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People v. Audi

OPINION FILED JUNE 22, 1979.

THE PEOPLE OF THE STATE OF ILLINOIS, PLAINTIFF-APPELLEE,

v.

LESLIE AUDI, DEFENDANT-APPELLANT.



APPEAL from the Circuit Court of Randolph County; the Hon. DAVID W. COSTELLO, Judge, presiding.

MR. JUSTICE KARNS DELIVERED THE OPINION OF THE COURT:

Rehearing denied July 24, 1979.

Defendant appeals from her conviction of unlawful possession of a controlled substance, entered upon a jury verdict of guilty in the Circuit Court of Randolph County. Defendant was arrested without a warrant on December 2, 1977, while attempting to visit an inmate at Menard State Penitentiary. A routine pat-down of incoming visitors by prison personnel in the waiting room adjoining the visiting area revealed seven blue tablets in defendant's jacket pocket. The pills were identified as diazepam, commonly known as valium. After being informed of her Miranda rights by the penitentiary's internal investigator, defendant admitted to him that she had carried the pills into the waiting area. The investigator placed the tablets in an envelope and called the State Police.

The officer who arrived at the scene received the envelope, arrested defendant, and advised her of her rights. Defendant acknowledged to the officer that she had possessed the tablets. The trooper then transported defendant and the envelope of pills to the county jail for processing. When the officer left the booking area for a moment, defendant tore open the envelope and swallowed six of the seven tablets. Upon the officer's return, defendant told him what she had done, declaring that her purpose had been to destroy the evidence.

On the same day that she was arrested, defendant was released on bail. An information was filed against her on December 19, 1977, and an arraignment was held that same day. At a preliminary hearing on December 27, 1977, the court found probable cause for defendant's prosecution.

The information, signed by an assistant state's attorney, "inform[ed] the court that defendant knowingly and unlawfully had in her possession less than 30 grams of a substance containing Diazepam, a controlled substance." Underneath the assistant's signature was a jurat signed by a notary public, reading simply, "Subscribed and sworn to before me this 19th day of December, 1977."

Defendant argues that the information was defective in that it was executed by an assistant State's attorney rather than the State's attorney himself. Her further argument concerns the sufficiency of the oath on the information. She maintains that a positive verification rather than a jurat attesting to the authenticity of the assistant's signature is required.

People v. White, 21 Ill.2d 373, 172 N.E.2d 794 (1961), is dispositive of the signature issue. In White the supreme court held that an assistant State's attorney is cloaked with sufficient authority to initiate prosecution by signing an information. In People v. Audi, 61 Ill. App.3d 483, 378 N.E.2d 225 (1978), involving the same defendant, we likewise held that an assistant State's attorney is authorized to sign an information.

• 1 Asserting that a positive oath is necessary to verify an information, defendant cites section 111-3(b) of the Code of Criminal Procedure of 1963 (Ill. Rev. Stat. 1975, ch. 38, par. 111-3(b)) for the proposition that "* * * an information shall be signed by the State's Attorney and sworn to by him or another. * * *" It is settled that the mandate for verification is statutory rather than constitutional in origin. People v. Audi, 75 Ill.2d 535, 389 N.E.2d 534 (1979); People v. Harding, 34 Ill.2d 475, 216 N.E.2d 147 (1966).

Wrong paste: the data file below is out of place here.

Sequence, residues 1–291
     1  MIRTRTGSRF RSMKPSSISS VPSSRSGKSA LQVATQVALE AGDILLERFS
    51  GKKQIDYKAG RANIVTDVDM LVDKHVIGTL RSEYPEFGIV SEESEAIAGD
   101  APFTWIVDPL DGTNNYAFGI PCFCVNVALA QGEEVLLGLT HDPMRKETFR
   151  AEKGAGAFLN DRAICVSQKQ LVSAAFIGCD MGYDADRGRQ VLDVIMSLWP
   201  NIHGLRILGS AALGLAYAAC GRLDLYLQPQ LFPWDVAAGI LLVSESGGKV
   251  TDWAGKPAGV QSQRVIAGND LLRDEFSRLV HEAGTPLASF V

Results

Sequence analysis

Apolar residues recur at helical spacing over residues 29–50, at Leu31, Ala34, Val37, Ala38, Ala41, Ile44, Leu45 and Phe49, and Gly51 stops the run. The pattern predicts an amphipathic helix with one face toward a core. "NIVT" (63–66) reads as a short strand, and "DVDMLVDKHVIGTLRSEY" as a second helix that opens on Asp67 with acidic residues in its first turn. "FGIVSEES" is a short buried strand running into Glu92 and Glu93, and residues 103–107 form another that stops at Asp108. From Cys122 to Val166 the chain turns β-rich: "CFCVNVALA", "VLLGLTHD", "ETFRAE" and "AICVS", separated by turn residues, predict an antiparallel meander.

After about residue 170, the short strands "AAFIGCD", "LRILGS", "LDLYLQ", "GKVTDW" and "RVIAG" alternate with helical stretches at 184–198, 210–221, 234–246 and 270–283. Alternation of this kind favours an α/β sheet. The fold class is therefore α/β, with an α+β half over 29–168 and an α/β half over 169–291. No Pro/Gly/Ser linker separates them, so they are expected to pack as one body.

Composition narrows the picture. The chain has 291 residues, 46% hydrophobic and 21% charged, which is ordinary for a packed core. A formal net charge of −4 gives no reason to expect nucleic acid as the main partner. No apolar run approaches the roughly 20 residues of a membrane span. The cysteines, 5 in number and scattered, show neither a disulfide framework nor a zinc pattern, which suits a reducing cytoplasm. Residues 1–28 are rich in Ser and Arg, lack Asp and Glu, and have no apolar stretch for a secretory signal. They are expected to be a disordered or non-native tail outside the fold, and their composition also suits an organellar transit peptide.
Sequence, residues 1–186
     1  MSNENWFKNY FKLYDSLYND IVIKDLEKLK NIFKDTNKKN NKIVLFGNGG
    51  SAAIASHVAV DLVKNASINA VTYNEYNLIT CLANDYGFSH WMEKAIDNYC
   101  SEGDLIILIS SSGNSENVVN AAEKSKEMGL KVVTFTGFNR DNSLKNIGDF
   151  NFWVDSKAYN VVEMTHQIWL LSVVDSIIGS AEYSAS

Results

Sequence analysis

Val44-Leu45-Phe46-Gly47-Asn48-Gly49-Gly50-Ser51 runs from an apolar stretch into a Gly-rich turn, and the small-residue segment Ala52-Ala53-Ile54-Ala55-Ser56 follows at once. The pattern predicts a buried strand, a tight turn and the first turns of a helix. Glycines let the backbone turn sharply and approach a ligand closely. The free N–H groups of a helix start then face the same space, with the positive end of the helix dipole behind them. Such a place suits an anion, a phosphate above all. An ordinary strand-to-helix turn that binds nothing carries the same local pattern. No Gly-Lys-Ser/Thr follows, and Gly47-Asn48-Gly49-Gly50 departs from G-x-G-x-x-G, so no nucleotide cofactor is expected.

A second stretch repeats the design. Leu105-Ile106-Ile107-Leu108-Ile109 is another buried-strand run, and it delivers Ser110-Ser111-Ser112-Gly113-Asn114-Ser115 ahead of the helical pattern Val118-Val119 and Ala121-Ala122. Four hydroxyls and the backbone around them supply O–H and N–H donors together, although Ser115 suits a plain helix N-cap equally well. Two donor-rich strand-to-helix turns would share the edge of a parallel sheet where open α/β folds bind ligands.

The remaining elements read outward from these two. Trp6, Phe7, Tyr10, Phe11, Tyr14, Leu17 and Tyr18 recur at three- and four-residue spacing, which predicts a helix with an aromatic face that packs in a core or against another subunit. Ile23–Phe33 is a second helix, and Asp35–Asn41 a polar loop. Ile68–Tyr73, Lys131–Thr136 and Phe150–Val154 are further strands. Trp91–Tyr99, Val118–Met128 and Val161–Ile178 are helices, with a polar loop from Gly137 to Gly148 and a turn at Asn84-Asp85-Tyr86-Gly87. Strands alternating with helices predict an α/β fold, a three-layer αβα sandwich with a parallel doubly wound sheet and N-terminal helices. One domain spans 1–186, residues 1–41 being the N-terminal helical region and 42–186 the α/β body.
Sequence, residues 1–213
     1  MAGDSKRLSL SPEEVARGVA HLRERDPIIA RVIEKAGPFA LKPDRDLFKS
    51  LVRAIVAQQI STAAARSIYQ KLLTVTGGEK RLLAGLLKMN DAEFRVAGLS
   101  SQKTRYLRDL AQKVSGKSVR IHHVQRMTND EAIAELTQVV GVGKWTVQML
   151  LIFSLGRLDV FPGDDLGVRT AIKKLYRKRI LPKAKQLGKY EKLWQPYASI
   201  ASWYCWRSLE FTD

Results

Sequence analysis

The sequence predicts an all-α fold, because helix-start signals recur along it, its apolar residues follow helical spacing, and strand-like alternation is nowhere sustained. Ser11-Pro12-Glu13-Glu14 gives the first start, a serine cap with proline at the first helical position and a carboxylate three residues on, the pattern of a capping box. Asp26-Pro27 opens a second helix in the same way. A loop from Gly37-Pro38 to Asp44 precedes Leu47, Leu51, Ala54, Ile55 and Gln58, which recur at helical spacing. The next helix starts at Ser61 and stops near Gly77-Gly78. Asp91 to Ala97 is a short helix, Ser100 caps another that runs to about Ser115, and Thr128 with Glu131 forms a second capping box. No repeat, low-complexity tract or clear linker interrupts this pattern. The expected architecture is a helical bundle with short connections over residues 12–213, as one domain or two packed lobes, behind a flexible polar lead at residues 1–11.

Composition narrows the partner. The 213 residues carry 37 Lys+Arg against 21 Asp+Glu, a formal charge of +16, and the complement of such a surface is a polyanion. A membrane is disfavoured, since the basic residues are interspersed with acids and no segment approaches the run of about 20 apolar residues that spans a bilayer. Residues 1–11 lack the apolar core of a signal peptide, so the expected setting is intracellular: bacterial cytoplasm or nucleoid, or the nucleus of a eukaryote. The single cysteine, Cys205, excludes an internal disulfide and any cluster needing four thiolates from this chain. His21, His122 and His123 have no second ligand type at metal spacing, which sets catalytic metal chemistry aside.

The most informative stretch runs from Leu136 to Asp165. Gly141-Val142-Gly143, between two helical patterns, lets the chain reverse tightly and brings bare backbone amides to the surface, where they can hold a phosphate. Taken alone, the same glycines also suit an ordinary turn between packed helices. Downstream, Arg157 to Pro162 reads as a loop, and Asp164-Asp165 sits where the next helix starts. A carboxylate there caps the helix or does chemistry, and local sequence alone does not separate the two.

• 2 The purpose of the oath requirement, as explained by the supreme court in Audi, is to hold answerable on pain of perjury an individual who swears to an information. Section 5 of "An Act to revise the law in relation to oaths and affirmations" (Ill. Rev. Stat. 1975, ch. 101, par. 5) provides:

"All oaths, affirmations, affidavits and depositions, administered or taken as provided in this act, shall subject any person who shall so swear or affirm willfully and falsely, in matter material to any issue or point in question, to the like pains and penalties as are inflicted by law on persons convicted of willful and corrupt perjury."

As liability for falsehood may arise regardless of the wording of an oath, distinction among the types of oaths is not crucial.

We note that in defining an "information," the legislature required verification but did not prescribe a specific form. Had the legislature intended to designate a particular type of oath, it could have done so. Indeed, the legislature has indicated by its definition of "oath" that an informal affirmation will suffice: "The word `oath' shall be deemed to include an affirmation, and the word `sworn' shall be construed to include the word `affirmed.'" Ill. Rev. Stat. 1975, ch. 131, par. 1.12.

We have discerned that the purpose of verification is the pursuit of truth, so that courts> are not involved in groundless proceedings nor defendants subject to frivolous prosecutions. Concern with the precise nature of the oath diminishes in light of the preliminary hearing, a judicial inquiry into probable cause for prosecution. The preliminary hearing interposes an additional means of testing veracity. (Ill. Rev. Stat. 1975, ch. 38, pars. 102-17, 109-3.) A preliminary hearing is constitutionally required whenever a prosecution is initiated by means of an information. Article I, section 7 of the Illinois Constitution of 1970 provides that "[n]o person shall be held for a crime punishable by death or by imprisonment in the penitentiary unless either ...


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